It could be either the car or the remote-control unit at fault, and it’s impossible to tell without actually examining the vehicle. A remote-control unit with a battery that is low on voltage can cause all sorts of mysterious problems with a car’s central locking. But it’s also possible that the vehicle’s body-computer (which controls all the functions involved in unlocking and starting the car) could be malfunctioning also. If that’s the case, it will be a much more involved and expensive job than changing the battery in a remote-control unit.Show more
Hyundai Tucson diesel problems
The Hyundai brand has developed an enviable reputation in this country for reliability and quality. The brand’s warranty is also excellent, taking away even more buyer anxiety. With that in mind, the decision to go diesel or petrol comes down to the way you use the vehicle.
This applies to all brands, not just Hyundai, but if all (or most of) your driving will be urban or suburban based, then the petrol engine is for you. Yes, you’ll use a little more fuel than the diesel variant, but servicing costs could be a little lower and you’ll avoid the modern turbo-diesel’s biggest downfall; a blocked Diesel Particulate Filter (DPF).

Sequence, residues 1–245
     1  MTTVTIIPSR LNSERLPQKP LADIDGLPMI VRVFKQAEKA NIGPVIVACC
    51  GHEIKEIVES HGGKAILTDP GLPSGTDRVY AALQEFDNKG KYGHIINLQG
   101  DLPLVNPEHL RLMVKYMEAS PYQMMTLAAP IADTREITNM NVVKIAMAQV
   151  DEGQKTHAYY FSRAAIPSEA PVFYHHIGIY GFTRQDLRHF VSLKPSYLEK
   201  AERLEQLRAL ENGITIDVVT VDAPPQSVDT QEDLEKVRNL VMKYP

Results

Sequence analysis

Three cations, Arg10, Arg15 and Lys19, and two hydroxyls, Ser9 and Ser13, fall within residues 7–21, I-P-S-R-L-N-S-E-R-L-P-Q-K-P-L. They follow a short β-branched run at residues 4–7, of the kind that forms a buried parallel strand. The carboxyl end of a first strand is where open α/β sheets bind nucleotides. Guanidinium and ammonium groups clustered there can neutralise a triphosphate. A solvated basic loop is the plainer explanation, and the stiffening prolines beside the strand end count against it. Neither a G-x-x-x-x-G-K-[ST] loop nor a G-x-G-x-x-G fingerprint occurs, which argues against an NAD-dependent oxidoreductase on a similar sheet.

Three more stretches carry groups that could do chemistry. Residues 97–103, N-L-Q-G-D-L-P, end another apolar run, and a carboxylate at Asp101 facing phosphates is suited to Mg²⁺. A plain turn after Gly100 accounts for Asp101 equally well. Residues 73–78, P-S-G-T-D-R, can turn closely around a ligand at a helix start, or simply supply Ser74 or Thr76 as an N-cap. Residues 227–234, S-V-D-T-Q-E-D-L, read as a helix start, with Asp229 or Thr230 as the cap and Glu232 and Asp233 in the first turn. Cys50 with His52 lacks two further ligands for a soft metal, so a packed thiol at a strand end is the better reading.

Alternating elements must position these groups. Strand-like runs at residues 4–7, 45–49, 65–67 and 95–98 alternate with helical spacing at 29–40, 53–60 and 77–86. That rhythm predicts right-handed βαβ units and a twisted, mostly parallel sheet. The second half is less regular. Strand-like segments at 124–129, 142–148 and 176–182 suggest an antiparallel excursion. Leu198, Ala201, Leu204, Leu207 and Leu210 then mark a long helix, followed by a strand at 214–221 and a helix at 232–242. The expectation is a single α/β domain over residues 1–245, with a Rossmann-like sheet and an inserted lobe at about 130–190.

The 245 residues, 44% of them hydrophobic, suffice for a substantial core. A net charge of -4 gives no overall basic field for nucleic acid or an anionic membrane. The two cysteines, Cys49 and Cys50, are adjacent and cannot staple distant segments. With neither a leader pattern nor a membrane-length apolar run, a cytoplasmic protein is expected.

The DPF is an emissions device that traps the soot from the diesel engine and burns it off at a later date. The problem with that is that the DPF can only burn off the soot and regenerate itself if the engine (and exhaust system) gets to a temperature high enough for this to happen. In urban running, that doesn’t just doesn’t happen, at which point the on-board computer will either try to force a regeneration (not always successful) or the DPF will have to be manually cleaned or even replaced (and that’s costly).